Expansion Guide 1

The Journey of Meditation

In this Expansion Guide (delivered in short bits), we take you through a journey of conscious awareness and cover the why’s and how’s of meditation.

Whether you’re a newbie or an experienced practitioner, chances are you may experience some doubts from time to time or recognize moments where you lack some information about meditation. It’s okay; it means that you grow. And also, we’re here, and we’ve got a guide for you, so don’t you worry. In this Expansion Guide (delivered in short bits), we take you through a journey of conscious awareness and cover the why’s and how’s of meditation. There’s some science, too, so we sound more serious (okay, okay, it’s solid stuff, you’ll see). 

Shall we? 

Let’s start from the very beginning… 

What is Meditation?

Personal growth is something everyone has heard about at least once in recent years (probably more if you haven't been hiding from social media or media in general on purpose). This notion had become revisited and redefined over time. Before we noticed it, it boomed into a massive trend that is now creating new market sectors, jobs, business, and content opportunities (yeah). 

It's changing things on the global scale in more than one dimension, yet, as it often happens with massive changes, we're starting to miss out on the individual level. Even though, in this case, personal growth would seem to be something happening naturally to us as we mature and revisit our thought patterns over the years. Theoretically, we are taught the importance of intellectual reflection; however, we often fail to acknowledge the power of physical and spiritual reflection, which are equally (if not more) important. Without them, we accumulate unnecessary piles of information, physical and emotional blocks, and habits that simply don't serve us anymore. 

Okay. We haven't said much novelty, did we. We all know we should put our shit together. But how can one do this? And where to start? 

Let's answer the first question. And let's do it quickly so you don't get bored and scroll down to find some part of the text in bold that could suggest an easy answer. 


There you go. 

We know you've heard about it. But do you really know what it is and, even more so, HOW it is? (we never know so much that we cannot learn something new, so stick with us, we won't disappoint you, promise).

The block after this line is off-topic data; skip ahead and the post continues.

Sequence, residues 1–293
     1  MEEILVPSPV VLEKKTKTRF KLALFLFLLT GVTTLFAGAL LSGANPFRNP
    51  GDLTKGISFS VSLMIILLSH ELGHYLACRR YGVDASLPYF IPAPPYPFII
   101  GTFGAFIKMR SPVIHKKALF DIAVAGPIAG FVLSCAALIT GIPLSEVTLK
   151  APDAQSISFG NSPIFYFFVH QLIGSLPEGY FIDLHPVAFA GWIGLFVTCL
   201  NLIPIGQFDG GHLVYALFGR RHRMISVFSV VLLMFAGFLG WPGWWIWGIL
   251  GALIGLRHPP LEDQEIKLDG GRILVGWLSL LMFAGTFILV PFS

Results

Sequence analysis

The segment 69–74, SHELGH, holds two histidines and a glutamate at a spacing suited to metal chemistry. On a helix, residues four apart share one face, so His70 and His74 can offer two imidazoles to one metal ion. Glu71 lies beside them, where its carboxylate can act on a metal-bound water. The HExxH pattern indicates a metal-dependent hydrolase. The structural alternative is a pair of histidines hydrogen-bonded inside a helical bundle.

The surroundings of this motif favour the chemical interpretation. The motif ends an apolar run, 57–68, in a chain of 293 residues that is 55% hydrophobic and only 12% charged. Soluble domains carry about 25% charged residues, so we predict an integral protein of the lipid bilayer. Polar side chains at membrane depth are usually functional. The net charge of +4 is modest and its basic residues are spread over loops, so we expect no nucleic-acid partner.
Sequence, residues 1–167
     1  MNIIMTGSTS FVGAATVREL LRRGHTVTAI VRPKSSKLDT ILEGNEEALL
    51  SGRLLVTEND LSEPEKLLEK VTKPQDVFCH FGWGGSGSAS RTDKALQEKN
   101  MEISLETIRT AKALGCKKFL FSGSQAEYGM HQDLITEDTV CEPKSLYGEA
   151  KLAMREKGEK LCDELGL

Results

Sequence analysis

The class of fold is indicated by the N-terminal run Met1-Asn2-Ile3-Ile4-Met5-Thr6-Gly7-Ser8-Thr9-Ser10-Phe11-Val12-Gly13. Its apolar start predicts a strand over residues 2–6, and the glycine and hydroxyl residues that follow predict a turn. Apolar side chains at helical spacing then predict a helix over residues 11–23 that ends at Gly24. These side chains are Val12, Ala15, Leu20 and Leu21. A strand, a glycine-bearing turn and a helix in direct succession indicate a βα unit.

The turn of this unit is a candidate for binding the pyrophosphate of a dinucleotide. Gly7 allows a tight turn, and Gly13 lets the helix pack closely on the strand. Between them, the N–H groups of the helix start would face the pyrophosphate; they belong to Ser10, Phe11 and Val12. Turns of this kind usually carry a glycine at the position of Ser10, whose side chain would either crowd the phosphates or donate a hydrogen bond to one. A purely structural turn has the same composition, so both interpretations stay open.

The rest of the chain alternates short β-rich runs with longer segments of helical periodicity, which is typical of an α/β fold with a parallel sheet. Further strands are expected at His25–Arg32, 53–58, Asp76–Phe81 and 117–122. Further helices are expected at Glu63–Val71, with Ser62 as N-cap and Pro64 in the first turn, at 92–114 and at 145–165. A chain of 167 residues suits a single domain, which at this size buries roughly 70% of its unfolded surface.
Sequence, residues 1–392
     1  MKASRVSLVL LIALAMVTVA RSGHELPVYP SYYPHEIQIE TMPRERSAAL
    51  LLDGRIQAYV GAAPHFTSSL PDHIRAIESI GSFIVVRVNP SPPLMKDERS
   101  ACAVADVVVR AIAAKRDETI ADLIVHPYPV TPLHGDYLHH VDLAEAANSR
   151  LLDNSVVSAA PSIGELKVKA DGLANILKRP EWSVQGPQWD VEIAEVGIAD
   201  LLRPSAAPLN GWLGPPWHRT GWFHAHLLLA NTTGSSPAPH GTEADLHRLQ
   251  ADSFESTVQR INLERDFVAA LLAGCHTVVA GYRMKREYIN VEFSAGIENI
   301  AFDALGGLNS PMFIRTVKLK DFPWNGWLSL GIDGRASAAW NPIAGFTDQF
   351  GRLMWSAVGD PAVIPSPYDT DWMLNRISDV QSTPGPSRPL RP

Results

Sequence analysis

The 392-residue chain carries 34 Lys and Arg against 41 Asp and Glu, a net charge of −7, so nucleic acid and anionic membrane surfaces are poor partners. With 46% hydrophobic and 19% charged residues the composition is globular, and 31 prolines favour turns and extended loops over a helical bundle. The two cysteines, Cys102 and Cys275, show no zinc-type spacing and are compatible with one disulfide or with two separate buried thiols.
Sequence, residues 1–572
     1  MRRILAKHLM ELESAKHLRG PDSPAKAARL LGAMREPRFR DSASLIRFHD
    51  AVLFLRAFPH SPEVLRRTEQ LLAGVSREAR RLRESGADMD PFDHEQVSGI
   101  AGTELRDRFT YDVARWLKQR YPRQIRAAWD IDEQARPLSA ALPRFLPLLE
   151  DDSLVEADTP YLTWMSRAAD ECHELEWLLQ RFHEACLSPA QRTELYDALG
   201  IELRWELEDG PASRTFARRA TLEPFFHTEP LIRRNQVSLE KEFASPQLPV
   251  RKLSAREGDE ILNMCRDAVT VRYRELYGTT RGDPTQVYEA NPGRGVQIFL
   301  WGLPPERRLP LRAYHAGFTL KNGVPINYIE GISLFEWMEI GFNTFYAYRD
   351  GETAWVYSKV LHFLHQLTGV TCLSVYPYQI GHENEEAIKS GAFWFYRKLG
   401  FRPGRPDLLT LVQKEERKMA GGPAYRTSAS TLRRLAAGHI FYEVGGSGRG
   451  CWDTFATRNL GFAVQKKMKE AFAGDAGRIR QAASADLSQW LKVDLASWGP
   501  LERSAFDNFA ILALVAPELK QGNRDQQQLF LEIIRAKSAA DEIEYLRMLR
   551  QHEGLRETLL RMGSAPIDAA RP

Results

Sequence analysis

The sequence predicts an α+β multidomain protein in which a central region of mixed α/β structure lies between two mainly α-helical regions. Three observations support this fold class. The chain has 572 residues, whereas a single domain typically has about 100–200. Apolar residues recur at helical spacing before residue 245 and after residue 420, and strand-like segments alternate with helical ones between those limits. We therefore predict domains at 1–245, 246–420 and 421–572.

Alright, focus now a little bit, as we will dive deeper into this concept. Hope it'll clarify a thing or two. 

Meditation is both the destination and the journey towards a greater sense of awareness, understanding, and acceptance. With these modes of perspective available, we equip ourselves to the best of our ability and can begin to witness the divine and experience the ever-expansive states of being.

Poof. Okay. 

It basically means that there's no "goal" in meditation or "endpoint." You can't be meditated. But you can (and we recommend it) meditate. It's a process in which you arrive at every moment. Isn't it lovely? Imagine you're going to get your favorite food, and you arrive at every moment of your journey there. So you're receiving a constant reward. 

And so, just like your favorite food brings out the best of you and puts you in a great mood, meditation helps you polish and enhance the best traits of your mind (both conscious and subconscious), as well as improving your brain functionality. 

Let’s bring a quote here:

Meditation should not be considered a simple activity that is performed with focused attention; this is concentration. When practicing concentration correctly, with a good “anchor” for attention, a specific state of mind takes place, in which logic relaxation happens, and there is a relative freedom from self-identification. Such states of mind are to be experienced and cannot be practiced; thus, meditation techniques (concentrations) are the means to reach this goal. Those who achieve such a state experience positive neurophysiological effects, which have been studied for decades, such as increased functionality and connectivity of the brain, and also increased gray matter volume in specific cortical areas, whether in the young or in the elderly. Meditation has, thus, a proven potential role to help one maintain a healthy cognition and should be included in daily life routines of everybody who wishes for it.

[Neurobiology of Meditation in: Danilo Forghieri Santaella, Handbook of Research on Evidence-Based Perspectives on the Psychophysiology of Yoga and Its Applications].

According to the most ancient meditation teachers, the creme de la creme of each of us is that we can reach the divine through ourselves. We're like a funnel to the light. Imagine you're a scoop of ice cream, and there's a cone at the bottom of which there's liquid chocolate awaiting you. So as the ice cream melts (or you eat it), the path toward the chocolate is becoming broader and more apparent, and finally, you're able to tap into it. Then you reach the ultimate chocolate-infused happiness, which you can share with others, aka the ever-expansive states of being. That's basically how it works.